The formal merger of Hapagfly and Hapag-Lloyd Express has brought an end to TUI's experiment with a stand-alone budget carrier, although the travel group may yet reap some benefits from its endeavours.
TUI launched Hapag-Lloyd Express in 2002 in response to the growth in the low-cost sector, which was eating into its traditional holiday business. Two years later the start-up's chief executive Wolfgang Kurth departed as TUI began the process that led to TUI deciding at the end of August to merge the unit back with leisure carrier Hapagfly.
The cost of the foray into low cost is unclear, but Nils Lesser, Munich-based analyst at investment bank Merck Fink & Co, says the exercise has allowed TUI to force down costs at its German airline operations. "It has put pressure on the pilots," he says, adding that the firm has been able to adapt the lower-cost model of Hapag-Lloyd Express to its Hapagfly charter operations.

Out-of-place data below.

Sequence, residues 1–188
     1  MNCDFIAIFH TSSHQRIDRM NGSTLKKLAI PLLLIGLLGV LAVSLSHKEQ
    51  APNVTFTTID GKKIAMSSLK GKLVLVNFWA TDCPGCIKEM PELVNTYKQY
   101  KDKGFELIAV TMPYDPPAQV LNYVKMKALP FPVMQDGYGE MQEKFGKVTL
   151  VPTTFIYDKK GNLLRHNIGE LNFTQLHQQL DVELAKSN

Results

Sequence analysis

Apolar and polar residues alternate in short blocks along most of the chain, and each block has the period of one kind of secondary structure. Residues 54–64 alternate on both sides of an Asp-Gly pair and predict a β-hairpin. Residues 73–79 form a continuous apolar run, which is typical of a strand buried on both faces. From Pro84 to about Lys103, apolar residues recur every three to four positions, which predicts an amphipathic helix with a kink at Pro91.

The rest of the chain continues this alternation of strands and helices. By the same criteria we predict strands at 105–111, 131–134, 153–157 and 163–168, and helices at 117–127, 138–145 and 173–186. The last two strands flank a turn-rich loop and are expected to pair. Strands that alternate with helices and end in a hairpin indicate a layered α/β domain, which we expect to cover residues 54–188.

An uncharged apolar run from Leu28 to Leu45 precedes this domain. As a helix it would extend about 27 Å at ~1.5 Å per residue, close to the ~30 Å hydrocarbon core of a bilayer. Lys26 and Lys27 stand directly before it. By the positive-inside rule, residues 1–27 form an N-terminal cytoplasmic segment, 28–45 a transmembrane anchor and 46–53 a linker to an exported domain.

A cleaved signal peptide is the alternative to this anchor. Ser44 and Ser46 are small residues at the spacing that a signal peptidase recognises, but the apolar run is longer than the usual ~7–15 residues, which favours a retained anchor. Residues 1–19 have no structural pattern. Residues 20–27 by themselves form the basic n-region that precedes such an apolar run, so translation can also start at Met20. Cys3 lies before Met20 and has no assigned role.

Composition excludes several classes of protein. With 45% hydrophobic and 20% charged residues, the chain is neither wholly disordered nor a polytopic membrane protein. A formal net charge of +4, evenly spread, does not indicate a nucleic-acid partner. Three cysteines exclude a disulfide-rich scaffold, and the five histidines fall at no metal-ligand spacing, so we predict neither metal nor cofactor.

TUI, which is under pressure from shareholders to reverse a lacklustre trading performance, says that: "Further strategic options in the German aviation market are being examined." There has been speculation of a tie-up with the country's other major vertically integrated leisure carrier Condor. Lesser says this scenario cannot be ruled out, but predicts renewed efforts by TUI to drive down costs at its airline operations is a more likely scenario for the time being. "They are not focusing on growth. The focus is on further reducing costs," he says.
Christoph Muller, the former Sabena boss who heads Hapagfly and has been appointed to the executive board as head of controlling, will be "transitionally responsible" for the two carriers. ■